Abstract: The project Transnational Human Rights Litigation and the Politics of Space focusses on human rights violations not by states but by private corporations, particularly when operating in places where ‘the law’ is hardly available for victims. The latter may want to resist by means of transnational human rights litigation (THRL) and ‘find the law’ abroad. The project holds that spatial knowledge is a necessary precondition for the making of a legal case. In the field of THRL space is highly contested. While the Supreme Court decision on Kiobel v. Royal Dutch Petroleum is arguably a moment of juridico-political gravity, with critical repercussions for the future possibilities of suing transnational corporation before US courts, the core interest of this project is not primarily ‘juridical.’ Instead, the focus is on the ‘politics of space’ at work in the THRL. The project is interested in how space is constructed and thus becomes a technicality of a politics of transnational law.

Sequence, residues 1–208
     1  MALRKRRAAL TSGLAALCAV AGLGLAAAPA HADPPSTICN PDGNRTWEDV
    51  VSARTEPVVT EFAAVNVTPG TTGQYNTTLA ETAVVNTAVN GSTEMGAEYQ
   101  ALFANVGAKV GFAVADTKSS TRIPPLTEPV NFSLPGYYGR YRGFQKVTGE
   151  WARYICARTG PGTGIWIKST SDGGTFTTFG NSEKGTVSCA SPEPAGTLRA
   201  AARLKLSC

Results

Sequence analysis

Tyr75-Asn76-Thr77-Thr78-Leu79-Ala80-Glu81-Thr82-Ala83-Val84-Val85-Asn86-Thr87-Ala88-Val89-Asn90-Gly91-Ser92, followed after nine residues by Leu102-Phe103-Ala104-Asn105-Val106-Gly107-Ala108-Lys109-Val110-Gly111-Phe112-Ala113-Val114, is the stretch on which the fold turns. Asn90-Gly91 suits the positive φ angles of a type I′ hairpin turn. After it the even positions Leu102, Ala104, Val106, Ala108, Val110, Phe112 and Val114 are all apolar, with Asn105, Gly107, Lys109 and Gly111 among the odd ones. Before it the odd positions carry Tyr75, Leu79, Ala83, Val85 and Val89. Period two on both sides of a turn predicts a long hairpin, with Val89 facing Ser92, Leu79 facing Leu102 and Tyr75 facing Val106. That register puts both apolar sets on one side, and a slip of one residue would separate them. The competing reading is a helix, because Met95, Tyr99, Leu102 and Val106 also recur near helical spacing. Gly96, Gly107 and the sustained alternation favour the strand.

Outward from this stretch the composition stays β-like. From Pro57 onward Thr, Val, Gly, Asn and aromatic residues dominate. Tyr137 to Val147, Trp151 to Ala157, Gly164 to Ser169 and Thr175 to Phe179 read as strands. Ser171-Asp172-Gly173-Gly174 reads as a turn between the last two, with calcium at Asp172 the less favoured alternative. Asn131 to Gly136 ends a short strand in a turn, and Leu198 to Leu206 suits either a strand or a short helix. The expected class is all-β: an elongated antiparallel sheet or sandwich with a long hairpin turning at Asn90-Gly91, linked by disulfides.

Related Publications:


Global Community of Courts [completed]

(together with Prof. Antje Wiener, funded by the TransCoop-Programme of the Alexander von Humboldt foundation in cooperation with the Canadian Research Council (SSHRC).